Mum of 3 transforms herself into teen girls to catch predators online 1 year ago

Mum of 3 transforms herself into teen girls to catch predators online

"We tell them at the outset that we are underage."

A 38-year-old mum of three, who started a non-profit working to reduce grooming and sexual exploitation online, transforms herself into teenage girls in order to catch predators in the US.

Roo Powell founded SOSA (Safe from Online Sex Abuse) in 2020 to "reduce the amount of online exploitation by identifying dangerous pockets of the Internet, speaking at schools, and encouraging state legislators to raise the age of consent."

"We also help law enforcement track down offenders by using fictitious underage characters," she told Elle. "We call them 'decoys.'"

Roo and SOSA's rolling staff bring these decoys to life at a large rental house that contains four bedrooms (each furnished like that of a teen girl), two set-dressed bathrooms, a kitchen that serves its purpose in realism, and a living room that acts as a planning room for the team's operations.

There's also a wardrobe full of wigs, coloured contacts, clothes and even fake braces to help make the teen transformations as realistic as possible.

The team also includes someone who takes and edits pictures, a social media manager and a person who builds the decoys to make them believable (such as determining their astrological signs, where they're from, and what their favourite hobbies are).

Unlike vigilante groups, SOSA works to gather information in order to identify predators, then turns over their findings to law enforcement.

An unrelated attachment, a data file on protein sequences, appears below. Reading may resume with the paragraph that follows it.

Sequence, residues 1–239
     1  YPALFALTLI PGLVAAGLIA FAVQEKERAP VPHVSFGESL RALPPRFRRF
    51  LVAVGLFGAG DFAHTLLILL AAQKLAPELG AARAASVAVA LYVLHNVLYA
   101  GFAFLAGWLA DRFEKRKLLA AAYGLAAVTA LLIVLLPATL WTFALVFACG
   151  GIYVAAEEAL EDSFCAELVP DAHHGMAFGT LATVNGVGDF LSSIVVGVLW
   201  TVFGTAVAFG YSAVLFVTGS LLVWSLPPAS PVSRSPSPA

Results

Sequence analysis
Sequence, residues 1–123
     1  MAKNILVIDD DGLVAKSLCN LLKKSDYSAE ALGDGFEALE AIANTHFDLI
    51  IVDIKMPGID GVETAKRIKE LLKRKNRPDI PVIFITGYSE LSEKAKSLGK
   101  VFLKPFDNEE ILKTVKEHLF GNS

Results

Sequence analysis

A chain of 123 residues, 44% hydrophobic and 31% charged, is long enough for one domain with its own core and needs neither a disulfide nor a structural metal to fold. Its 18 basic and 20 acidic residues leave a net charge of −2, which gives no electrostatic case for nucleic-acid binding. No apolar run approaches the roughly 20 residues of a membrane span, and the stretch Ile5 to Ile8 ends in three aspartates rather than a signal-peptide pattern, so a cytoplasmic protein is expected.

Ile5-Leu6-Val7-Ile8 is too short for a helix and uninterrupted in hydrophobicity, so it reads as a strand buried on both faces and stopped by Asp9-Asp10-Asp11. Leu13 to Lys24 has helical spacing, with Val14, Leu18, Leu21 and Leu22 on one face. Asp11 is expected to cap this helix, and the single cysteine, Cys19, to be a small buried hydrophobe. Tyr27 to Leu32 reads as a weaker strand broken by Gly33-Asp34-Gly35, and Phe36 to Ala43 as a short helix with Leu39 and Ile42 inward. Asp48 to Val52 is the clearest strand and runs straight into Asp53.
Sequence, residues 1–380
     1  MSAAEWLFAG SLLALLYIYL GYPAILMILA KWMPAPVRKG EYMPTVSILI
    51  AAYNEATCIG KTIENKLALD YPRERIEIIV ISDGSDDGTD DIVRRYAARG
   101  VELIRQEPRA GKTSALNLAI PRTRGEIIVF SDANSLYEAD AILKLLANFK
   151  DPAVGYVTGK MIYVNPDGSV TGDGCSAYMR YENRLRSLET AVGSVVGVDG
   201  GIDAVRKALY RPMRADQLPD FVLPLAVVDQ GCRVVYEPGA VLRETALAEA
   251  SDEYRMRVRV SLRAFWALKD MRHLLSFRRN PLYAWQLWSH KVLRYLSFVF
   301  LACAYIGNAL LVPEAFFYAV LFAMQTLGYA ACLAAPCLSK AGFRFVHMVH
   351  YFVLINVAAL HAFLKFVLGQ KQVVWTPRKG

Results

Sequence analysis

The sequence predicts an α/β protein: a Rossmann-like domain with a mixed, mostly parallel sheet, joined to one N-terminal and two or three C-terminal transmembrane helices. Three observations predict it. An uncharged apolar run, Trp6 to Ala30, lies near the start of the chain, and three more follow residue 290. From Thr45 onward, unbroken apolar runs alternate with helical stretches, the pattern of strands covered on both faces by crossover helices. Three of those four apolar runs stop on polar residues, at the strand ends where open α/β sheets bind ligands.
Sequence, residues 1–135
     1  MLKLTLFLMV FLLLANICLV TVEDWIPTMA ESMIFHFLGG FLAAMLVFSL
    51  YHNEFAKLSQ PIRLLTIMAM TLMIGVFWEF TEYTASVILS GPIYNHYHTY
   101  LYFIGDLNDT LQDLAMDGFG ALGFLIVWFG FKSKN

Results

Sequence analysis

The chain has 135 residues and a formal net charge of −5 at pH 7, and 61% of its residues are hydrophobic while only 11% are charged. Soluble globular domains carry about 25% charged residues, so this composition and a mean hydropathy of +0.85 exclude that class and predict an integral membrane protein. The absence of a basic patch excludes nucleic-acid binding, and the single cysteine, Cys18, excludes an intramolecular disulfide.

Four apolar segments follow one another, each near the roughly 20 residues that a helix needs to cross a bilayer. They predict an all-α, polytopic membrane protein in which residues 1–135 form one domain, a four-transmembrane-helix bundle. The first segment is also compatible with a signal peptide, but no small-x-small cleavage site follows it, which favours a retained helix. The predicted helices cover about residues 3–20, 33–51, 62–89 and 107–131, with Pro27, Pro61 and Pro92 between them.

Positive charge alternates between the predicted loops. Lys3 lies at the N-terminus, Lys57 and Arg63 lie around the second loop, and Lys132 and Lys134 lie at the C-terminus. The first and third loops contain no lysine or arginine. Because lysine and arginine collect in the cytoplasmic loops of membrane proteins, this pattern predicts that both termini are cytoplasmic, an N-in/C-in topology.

"One question I get a lot is whether I am somehow exploiting these perpetrators," Roo continues. "We let the predators drive the conversation by taking a hands-off approach. We tell them at the outset that we are underage.

"We also do a lot of reminders, like 'I’m coming home from school,' or 'I just did my algebra homework,' or 'I wish I was old enough to drive.' We offer off-ramps, too, telling them, 'We don’t have to meet if you don't want to,' or 'Are you sure you want to be talking to me and not someone your own age?'

"...At SOSA, we’re interested in detecting patterns around how predators target children. What we’ve found is that they tend to start by asking about parental oversight. We’ll be communicating with an ACM (or an 'adult contacting a minor') and right away they say, 'Tell me about your dad.'"

SOSA's activities are now documented in a new series called Undercover Underage. It's currently streaming on the US version of Discovery+, and we're hoping it'll be available here soon.

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